present

PRES'ENT, a. s as z. [L. proesens; proe and sum, esse, to be.]

1. Being in a certain place; opposed to absent.

2. Being before the face or near; being in company. Inquire of some of the gentlemen present.

These things have I spoken unto you, being yet present with you. John 14.

3. Being now in view or under consideration. In the present instance, facts will not warrant the conclusion. The present question must be decided on different principles.

4. Now existing, or being at this time; not past or future; as the present session of congress. The court is in session at the present time. We say, a present good,the present year or age.

5. Ready at hand; quick in emergency; as present wit.

'Tis a high point of philosophy and virtue for a man to be present to himself.

6. Favorably attentive; not heedless; propitious.

Nor could I hope in any place but there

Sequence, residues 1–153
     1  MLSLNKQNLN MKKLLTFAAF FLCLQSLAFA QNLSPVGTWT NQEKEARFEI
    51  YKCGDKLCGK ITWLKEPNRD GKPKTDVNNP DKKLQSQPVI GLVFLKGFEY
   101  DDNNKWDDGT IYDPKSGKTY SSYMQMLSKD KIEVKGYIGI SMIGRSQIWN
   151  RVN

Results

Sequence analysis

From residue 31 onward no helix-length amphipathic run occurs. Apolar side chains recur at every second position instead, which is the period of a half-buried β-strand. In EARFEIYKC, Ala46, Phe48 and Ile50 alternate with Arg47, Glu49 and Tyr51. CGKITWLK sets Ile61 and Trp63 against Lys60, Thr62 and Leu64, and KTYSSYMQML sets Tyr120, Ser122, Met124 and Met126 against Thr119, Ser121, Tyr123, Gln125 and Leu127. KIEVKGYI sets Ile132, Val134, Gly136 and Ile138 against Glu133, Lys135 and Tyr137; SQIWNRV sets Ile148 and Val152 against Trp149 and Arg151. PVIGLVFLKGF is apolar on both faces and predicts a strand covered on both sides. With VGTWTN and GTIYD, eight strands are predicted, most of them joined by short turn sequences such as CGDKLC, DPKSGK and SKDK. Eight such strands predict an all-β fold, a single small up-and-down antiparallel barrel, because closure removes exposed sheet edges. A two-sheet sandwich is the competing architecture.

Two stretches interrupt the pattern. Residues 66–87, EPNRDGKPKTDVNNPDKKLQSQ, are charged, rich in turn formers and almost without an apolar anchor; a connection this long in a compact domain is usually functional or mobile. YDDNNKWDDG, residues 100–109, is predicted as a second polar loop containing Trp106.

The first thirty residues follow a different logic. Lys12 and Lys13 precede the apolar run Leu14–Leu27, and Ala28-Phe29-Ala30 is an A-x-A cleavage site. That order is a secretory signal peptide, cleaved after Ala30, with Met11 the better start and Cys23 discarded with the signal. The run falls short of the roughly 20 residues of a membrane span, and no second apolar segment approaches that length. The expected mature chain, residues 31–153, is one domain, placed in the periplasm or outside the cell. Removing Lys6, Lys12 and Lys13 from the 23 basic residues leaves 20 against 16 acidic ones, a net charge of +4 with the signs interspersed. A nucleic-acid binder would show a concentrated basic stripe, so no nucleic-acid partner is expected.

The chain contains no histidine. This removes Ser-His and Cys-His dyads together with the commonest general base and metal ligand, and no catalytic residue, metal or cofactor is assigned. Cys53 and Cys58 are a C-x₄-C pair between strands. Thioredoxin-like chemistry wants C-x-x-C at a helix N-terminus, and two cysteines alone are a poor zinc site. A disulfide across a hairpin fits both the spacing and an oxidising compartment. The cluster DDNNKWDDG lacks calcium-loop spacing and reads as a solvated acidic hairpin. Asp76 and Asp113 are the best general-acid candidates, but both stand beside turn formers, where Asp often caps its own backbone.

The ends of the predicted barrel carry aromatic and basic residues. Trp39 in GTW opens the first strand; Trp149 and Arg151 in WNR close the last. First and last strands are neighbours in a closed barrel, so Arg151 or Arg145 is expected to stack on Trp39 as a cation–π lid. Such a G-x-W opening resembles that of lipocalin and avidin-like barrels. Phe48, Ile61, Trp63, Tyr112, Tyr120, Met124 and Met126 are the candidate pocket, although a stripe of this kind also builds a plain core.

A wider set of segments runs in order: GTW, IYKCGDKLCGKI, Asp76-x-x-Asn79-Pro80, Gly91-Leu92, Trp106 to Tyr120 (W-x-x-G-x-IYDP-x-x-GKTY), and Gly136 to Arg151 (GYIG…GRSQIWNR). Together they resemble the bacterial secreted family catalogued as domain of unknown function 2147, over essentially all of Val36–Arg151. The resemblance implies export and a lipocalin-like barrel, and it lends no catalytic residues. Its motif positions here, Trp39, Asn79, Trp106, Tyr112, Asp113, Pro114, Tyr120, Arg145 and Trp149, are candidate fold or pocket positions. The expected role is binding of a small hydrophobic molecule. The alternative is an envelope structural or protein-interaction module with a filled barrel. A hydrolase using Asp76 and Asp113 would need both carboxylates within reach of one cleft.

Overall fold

To find a god so present to my prayer.

7. Not absent of mind; not abstracted; attentive.

The present, an elliptical expression for the present time.

At present, elliptically for, at the present time.

Present tense, in grammar, the tense or form of a verb which expresses action or being in the present time, as I am writing; or something that exists at all times, as virtue is always to be preferred to vice; or it expresses habits or general truths, as plants spring from the earth; fishes swim; reptiles creep; birds fly; some animals subsist on herbage, others are carnivorous.

PRES'ENT, n. That which is presented or given; a gift; a donative; something given or offered to another gratuitously; a word of general application. Gen.32.

Presents' in the plural, is used in law for a deed of conveyance, a lease, letter of attorney or other writing; as in the phrase, "Know all men by these presents," that is, by the writing itself, per presentes. In this sense, it is rarely used in the singular.